identified and described as relationships or generalized
rules.
Criterion C:
communication in mathematics
Maximum 6
Students
are expected to use mathematical language when communicating
mathematical ideas, reasoning and findingsboth orally and
in writing.
This criterion examines to what extent the student is able
to:
·
use
appropriate mathematical language (notation, symbols,
terminology) in both oral and written explanations
·
use
different forms of mathematical representation (formulae,
diagrams, tables, charts, graphs and models)
·
move between
different forms of representation.
Students
are encouraged to choose and use appropriate ICT tools such
as graphic display calculators, screenshots, graphing,
spreadsheets, databases, drawing and wordprocessing
software, as appropriate, to enhance communication.
Achievement level 
Descriptor 
0 
The
student does not reach a standard described by any
of the descriptors given below. 
12 
The
student shows basic use of
mathematical language and/or
forms of mathematical representation. The lines of
reasoning are difficult to follow. 
34 
The
student shows sufficient
use of mathematical language and
forms of mathematical representation. The lines of
reasoning are clear though
not always logical or
complete.
The
student moves between different forms of
representation with some success. 
56 
The
student shows good use of
mathematical language and
forms of mathematical representation. The lines of
reasoning are concise,
logical and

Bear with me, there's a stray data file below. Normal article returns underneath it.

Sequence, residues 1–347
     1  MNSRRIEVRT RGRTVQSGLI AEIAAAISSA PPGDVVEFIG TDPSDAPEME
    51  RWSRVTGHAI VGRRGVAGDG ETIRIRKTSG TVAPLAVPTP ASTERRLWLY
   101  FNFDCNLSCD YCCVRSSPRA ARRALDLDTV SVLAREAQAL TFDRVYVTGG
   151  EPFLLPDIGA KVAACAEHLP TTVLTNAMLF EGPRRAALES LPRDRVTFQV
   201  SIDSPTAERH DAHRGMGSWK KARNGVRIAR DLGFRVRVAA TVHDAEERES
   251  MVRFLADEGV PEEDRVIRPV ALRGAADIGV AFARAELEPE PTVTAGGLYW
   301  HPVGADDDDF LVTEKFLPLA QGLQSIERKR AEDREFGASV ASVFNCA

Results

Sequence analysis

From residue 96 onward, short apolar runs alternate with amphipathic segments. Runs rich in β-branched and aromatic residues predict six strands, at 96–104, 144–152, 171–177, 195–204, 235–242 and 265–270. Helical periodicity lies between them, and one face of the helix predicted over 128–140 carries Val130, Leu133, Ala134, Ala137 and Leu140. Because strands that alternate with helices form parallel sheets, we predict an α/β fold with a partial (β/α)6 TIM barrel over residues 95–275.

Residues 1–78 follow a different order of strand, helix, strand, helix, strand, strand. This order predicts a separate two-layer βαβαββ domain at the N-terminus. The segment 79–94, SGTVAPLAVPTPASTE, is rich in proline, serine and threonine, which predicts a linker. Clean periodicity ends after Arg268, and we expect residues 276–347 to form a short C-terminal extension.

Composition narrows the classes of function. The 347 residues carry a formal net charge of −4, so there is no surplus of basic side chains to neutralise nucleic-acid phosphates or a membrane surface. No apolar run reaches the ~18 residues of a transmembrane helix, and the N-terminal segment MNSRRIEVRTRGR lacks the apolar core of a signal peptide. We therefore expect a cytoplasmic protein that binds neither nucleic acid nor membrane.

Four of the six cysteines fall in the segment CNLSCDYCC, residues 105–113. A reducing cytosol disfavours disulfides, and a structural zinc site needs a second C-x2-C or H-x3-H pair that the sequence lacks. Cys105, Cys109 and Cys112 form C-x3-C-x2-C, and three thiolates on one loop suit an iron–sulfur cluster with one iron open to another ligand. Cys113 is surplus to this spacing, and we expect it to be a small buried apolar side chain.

complete.
The
student moves effectively
between different forms of representation. 
Notes
1.
Mathematical
language: the use of notation, symbols, terminology and
verbal explanations.
2.
Forms of
mathematical representation: refers to formulae, diagrams,
tables, charts, graphs and models, used to represent
mathematical information.
Criterion D: reflection
in mathematics
Maximum 6
Reflection allows students to reflect upon their methods and
findings.
This criterion examines to what extent the student is able
to:
·
explain
whether his or her results make sense in the context of the
problem
·
explain the
importance of his or her findings in connection to real life
·
justify the
degree of accuracy of his or her results where appropriate
·
suggest
improvements to the method when necessary.
Achievement level 
Descriptor 
0 
The
student does not reach a standard described by any
of the descriptors given below. 
12 
The
student attempts to
explain whether his or her results make sense in the
context of the problem. The student
attempts to describe the
importance of his or her findings in connection to
real life. 
34 
The
student correctly but briefly
explains whether his or her results make
sense in the context of the problem and
describes the importance
of his or her findings in connection to real life.
The
student attempts to
justify the degree of accuracy of his or her results
where appropriate. 
56 
The
student critically explains
whether his or her results make sense in the context
of the problem and provides a
detailed explanation of the importance of his
or her findings in connection to real life.
The
student justifies the
degree of accuracy of his or her results where
appropriate.
The
student suggests improvements
to the method when necessary. 
Curriculum Links:
MYP
Course Index
MYP Information
MYP Grade
Descriptors*
DP
Information
DP Grade
Descriptors*
IBO website
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information, please contact the MYP Coordinator, DP
Coordinator, or the MS/HS Principal.